Lisy's Thoughts on Disability in Film & TV

I talk about Ironside and Glee in this for a few seconds.

Watching this. It’s interesting. Adam and Kristina are generally so honest with Max. So it was disappointing that when he outright asked “why do the other kids hate me?” That they didn’t answer honestly “because they’re disablist.” (Ack, I know in American English they use the word “ableist”.)

Growing up I felt like it was my body’s fault that everyone hated me. I didn’t understand that it was because our society is riddled with prejudice; because no-one told me. Learning about disablism and the social model made me realise that I was not the problem. Yes it’s bleak to explain prejudice to a child, but if you don’t explain it, there’s the chance that they might end up feeling that their body/brain is the problem.


This show had a character appear in flashbacks in season 1 with all limbs in tact.

In season 2 she returns, minus an arm. She is played by an actor with all 4 limbs.

From a purely technical perspective; wouldn’t it be easier to put a prosthetic arm on an amputee in season one, than have to use expensive special effects to make an arm disappear in season 2?

The obsession with casting non-disabled actors to play disabled characters can create more problems than if they just used common sense.

About to dive into Ironside seeing as it started in the UK a couple of weeks ago. Doing related reading.

Agents of S.H.I.E.L.D: End of the Beginning

Jesus. Not every disabled person is a supervillain. Or supervillain’s henchman/sidekick/patsy.

OK, so Mike Peterson is in a kill or be killed situation. I’d choose be killed.

Glee: New New York

Contains a scene which is essentially an instruction guide on “how to mug a wheelchair user.”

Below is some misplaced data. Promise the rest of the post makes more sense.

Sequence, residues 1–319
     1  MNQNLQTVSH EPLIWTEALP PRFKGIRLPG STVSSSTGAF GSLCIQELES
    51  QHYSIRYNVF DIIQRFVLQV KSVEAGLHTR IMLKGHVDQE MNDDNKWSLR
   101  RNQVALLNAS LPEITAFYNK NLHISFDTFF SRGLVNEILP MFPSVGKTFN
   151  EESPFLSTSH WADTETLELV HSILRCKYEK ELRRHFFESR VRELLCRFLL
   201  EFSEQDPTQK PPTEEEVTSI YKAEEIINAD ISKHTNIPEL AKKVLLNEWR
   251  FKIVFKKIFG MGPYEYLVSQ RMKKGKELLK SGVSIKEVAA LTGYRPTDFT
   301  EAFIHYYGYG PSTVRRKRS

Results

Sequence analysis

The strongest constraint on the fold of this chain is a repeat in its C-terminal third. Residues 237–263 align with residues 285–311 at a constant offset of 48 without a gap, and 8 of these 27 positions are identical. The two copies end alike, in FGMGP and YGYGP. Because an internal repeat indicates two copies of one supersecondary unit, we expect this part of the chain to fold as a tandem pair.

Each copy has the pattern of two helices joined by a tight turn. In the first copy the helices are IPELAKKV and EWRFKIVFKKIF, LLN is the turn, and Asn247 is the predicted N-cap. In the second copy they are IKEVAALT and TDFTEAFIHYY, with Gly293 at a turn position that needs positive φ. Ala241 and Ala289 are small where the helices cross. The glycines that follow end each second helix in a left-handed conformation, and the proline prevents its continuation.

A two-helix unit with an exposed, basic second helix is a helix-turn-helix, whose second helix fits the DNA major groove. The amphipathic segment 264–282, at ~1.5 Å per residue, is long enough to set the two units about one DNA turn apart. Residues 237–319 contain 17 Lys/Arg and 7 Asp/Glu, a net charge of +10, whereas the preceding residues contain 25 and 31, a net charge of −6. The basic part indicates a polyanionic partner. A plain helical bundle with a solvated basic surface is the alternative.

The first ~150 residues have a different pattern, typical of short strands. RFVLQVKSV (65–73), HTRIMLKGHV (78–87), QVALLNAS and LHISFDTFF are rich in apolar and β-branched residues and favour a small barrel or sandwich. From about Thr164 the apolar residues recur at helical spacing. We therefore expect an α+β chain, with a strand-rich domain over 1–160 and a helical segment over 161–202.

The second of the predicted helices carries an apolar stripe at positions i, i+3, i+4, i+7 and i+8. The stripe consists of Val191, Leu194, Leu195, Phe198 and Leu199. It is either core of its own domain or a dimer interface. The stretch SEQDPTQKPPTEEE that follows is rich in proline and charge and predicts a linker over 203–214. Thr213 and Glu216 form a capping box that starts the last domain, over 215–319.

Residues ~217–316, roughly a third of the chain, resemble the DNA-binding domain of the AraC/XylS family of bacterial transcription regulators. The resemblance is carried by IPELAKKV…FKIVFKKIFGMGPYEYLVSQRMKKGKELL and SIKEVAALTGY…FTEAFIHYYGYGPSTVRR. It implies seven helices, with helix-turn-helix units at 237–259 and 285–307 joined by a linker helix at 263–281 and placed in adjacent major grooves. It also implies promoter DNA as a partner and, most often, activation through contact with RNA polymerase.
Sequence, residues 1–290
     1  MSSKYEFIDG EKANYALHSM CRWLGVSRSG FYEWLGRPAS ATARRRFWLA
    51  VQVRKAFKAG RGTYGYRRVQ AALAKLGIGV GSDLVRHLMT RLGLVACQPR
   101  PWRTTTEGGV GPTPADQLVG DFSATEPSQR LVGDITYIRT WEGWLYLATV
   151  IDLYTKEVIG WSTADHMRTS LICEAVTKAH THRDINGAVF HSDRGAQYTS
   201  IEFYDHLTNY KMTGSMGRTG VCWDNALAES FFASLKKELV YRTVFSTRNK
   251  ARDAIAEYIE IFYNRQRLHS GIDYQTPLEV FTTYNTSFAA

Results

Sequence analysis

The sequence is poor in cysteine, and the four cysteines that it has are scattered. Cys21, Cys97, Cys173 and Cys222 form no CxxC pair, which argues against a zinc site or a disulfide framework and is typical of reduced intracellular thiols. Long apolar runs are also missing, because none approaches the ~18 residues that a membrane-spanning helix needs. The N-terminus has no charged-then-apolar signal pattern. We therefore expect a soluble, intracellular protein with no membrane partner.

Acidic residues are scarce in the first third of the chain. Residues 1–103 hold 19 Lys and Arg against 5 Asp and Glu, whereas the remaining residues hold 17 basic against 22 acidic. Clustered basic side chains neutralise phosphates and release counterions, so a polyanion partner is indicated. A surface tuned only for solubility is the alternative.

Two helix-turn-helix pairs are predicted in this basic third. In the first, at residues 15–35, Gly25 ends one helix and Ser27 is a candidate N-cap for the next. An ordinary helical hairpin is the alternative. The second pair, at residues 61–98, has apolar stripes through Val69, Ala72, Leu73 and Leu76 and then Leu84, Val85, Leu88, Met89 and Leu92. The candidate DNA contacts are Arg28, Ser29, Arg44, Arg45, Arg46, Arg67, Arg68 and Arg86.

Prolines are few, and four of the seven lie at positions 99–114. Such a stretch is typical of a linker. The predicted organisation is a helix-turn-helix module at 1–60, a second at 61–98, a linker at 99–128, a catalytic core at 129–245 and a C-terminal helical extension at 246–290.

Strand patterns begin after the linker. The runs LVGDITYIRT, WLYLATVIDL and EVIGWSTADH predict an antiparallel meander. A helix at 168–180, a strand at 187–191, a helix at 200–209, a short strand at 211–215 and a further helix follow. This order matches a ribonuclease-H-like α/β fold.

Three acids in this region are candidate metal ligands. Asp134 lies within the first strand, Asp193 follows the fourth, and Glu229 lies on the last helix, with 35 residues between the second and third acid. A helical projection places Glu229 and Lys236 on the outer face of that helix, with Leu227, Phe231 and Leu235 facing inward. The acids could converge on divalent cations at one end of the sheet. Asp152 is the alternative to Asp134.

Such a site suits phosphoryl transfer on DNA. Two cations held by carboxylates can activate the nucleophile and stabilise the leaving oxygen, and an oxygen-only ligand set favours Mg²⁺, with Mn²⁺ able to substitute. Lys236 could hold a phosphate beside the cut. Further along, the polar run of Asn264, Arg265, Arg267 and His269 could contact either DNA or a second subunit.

Thanks for teaching that to budding muggers everywhere, Ryan Murphy.

Disabled characters are written into stories for one reason: the disability. Do most people actually believe real disabled people spend our days obsessing about being cured? Or rhapsodizing about killing ourselves? Here is the truth: Disabled people barely ever even think about our disabilities. When we do think about them, it’s usually because we are dealing with an oppressive, systemic problem, such as employment discrimination. Can’t there ever be a disabled character in a book or film just because? Where the topic doesn’t ever come up? All sorts of interesting stories can be written about a disabled character, without the disability ever being mentioned. You know, just like real people.

The vast majority of writers who have used disabled characters in their work are not people with disabilities themselves. Because disabled people have been peripheral for centuries, we’ve been shut out of the artistic process since the beginning. As a result, the disabled characters we’re presented with usually fit one or more of the following stereotypes: Victim, Villain, Inspiration, Monster. And the disabled character’s storyline is generally resolved in one of a few ways: Cure, Death, Institutionalization.

Susan Nussbaum, Disabled Characters in Fiction (via kassapti)

Finally Grey’s Anatomy looking at the perks of having an impairment:

"I think you broke my leg! It’s OK, I have another one in the car."